But the most important change of all, and in solidarity with our Mid- Eastern/North African sisters and brothers, I changed the filling to a mixture of fig preserves, dates and almonds.

I rounded out this little cookie with a brush of egg glaze and sprinkle of sugar to hold it together, and give it shine after baking. A much prettier finish than just a dusting of powdered sugar, which is what the original recipe called for.

The original cookie was a Croatian family recipe. It was published along with the following notation: “Each cookie is a prayer for peace for all people living in war torn and repressed nations.”

I’m so happy I decided to double the recipe. Double the Peace!

‘Redesigned’ Croatian Peace Cookie

Makes 4-5 doz

Pastry: ( can be carefully rerolled  two times)

1 cup unsalted butter, room temp
1 8- oz package cream cheese, room temp
1/2 cup sugar
1 tsp salt
2 3/4 cups all purpose flour

Whisk salt and flour together.

Using stand or electric mixer, beat butter and cheese until light.

Beat in sugar until mixture is fluffy.

Mix in flour/salt until dough can be gathered together. It will be soft.

Divide the dough, forming into 2 equal square shapes, wrap in plastic wrap and chill for an hour, or can be made a day ahead and chilled overnight.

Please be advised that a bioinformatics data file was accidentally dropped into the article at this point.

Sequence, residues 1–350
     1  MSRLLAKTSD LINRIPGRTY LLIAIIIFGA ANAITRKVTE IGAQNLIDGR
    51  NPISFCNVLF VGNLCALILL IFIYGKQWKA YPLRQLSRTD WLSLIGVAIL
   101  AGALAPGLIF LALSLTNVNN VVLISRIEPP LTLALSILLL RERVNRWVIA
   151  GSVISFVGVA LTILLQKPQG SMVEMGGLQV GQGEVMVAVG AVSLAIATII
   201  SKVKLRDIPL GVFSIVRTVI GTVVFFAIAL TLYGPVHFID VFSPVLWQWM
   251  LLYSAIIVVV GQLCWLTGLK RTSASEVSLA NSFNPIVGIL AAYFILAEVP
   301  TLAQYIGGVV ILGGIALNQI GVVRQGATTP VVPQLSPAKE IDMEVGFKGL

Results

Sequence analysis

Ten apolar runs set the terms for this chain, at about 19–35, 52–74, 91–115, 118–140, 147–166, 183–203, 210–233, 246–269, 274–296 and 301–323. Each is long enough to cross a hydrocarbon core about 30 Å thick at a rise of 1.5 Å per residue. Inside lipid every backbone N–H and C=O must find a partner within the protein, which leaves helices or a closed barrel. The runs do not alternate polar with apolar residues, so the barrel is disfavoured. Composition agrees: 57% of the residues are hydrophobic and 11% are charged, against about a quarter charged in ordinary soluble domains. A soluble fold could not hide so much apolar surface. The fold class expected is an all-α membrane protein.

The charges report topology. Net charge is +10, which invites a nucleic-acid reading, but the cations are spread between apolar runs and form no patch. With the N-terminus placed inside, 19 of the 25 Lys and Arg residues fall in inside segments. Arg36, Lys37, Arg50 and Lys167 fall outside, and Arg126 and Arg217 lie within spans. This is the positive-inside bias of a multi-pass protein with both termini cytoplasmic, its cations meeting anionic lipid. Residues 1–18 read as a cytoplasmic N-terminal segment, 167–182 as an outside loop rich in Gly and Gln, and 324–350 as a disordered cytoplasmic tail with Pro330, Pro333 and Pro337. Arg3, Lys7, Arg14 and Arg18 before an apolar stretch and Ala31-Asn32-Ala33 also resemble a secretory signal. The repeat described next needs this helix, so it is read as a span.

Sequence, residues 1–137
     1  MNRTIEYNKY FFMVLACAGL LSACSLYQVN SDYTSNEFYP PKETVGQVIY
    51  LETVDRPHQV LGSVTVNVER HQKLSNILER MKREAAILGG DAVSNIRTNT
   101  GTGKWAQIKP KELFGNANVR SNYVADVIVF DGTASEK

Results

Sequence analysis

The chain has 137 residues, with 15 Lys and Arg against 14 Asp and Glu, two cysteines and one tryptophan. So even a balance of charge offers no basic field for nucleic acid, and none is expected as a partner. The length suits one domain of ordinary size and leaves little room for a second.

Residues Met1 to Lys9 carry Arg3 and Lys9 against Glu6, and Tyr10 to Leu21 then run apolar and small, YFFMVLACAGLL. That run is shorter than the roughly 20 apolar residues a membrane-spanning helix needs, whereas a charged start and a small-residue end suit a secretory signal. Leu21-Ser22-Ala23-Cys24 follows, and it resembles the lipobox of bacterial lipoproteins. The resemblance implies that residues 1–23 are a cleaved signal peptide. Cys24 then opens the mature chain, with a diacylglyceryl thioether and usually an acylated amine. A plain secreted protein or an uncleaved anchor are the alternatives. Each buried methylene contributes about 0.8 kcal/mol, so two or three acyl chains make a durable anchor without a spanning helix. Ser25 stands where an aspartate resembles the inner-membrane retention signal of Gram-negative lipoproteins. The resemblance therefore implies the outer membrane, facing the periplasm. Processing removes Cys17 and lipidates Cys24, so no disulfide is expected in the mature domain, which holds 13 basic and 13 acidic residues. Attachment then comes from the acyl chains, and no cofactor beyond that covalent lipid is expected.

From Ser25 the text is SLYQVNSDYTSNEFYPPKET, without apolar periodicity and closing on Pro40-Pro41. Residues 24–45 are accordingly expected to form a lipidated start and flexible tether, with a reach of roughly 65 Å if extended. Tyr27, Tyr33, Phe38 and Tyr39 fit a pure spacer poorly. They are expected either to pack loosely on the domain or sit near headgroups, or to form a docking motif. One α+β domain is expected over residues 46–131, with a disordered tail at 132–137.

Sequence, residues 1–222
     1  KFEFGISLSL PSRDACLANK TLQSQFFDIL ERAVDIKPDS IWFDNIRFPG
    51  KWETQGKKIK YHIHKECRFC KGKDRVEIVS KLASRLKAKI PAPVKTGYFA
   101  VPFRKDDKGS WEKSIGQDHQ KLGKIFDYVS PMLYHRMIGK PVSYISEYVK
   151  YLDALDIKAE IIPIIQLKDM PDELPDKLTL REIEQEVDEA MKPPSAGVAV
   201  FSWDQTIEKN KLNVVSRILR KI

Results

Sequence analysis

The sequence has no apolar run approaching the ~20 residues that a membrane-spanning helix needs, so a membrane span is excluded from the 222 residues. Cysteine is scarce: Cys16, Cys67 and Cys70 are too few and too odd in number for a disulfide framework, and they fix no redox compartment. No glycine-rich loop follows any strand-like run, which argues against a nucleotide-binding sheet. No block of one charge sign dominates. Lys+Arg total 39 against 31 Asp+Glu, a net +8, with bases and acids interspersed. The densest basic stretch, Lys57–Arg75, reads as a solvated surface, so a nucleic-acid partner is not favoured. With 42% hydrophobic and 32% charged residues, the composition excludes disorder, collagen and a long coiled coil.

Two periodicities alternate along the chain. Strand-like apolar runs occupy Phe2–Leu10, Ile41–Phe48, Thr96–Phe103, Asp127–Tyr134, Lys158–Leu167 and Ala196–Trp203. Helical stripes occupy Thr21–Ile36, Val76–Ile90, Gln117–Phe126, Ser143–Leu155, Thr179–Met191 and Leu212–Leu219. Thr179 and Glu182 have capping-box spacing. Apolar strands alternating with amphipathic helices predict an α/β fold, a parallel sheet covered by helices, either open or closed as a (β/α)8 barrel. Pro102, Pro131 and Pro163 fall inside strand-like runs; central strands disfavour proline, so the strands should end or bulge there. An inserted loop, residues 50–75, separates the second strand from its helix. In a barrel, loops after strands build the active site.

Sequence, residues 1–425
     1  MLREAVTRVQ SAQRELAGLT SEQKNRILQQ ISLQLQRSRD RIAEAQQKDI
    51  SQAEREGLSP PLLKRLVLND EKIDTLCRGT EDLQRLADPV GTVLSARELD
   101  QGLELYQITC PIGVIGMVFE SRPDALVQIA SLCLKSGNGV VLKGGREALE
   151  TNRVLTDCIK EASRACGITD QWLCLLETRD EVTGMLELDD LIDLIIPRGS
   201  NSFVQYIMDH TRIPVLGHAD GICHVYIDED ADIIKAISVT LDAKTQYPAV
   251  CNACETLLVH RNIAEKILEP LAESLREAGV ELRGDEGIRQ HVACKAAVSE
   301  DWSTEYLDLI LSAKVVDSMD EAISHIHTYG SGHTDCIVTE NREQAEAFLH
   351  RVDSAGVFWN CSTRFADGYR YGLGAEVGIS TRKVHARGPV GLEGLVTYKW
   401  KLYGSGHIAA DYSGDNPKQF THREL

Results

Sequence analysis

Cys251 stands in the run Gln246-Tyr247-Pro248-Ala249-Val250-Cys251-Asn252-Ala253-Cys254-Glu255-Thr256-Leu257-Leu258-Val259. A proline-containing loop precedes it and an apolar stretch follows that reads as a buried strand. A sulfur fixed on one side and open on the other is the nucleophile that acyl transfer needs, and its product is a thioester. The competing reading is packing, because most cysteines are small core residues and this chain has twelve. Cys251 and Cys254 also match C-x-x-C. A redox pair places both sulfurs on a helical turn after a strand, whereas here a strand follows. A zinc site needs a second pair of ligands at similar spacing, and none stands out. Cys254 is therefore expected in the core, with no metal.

If chilling overnight leave out until soft enough to roll.

Filling:

1 cup pitted chopped dates
2/3 cup fig jam
2/3 cup  chopped roasted, unsalted almonds
2 tablespoons melted butter

Mix above together in a medium size bowl

1 egg, beaten
additional sugar

Assembly:

Preheat oven to 350°

Flour your rolling surface.  I roll out this pastry on wide plastic wrap dusted with flour.

Roll out one chilled square of pastry  to 1/8″. If pastry was chilled more than one hour, leave out to soften until it is soft enough to roll.

Cut pastry into 2″ squares. ‘Gently’ re-knead and re-roll scraps to prevent dough from getting tough.

Lay out the 2″ squares so you can fill them assembly line style. See photo below.

Place one scant teaspoon of filling in the center of each square.

Bring opposite corners of the square to the middle, pressing the first corner down sightly onto the base, and overlapping the second corner.

Brush with egg and sprinkle with sugar.

Repeat process with second square of rested pastry.

Bake on an unlined, ungreased baking sheet for 20-25 min, or until bottoms and edges are golden brown.

Think Peace!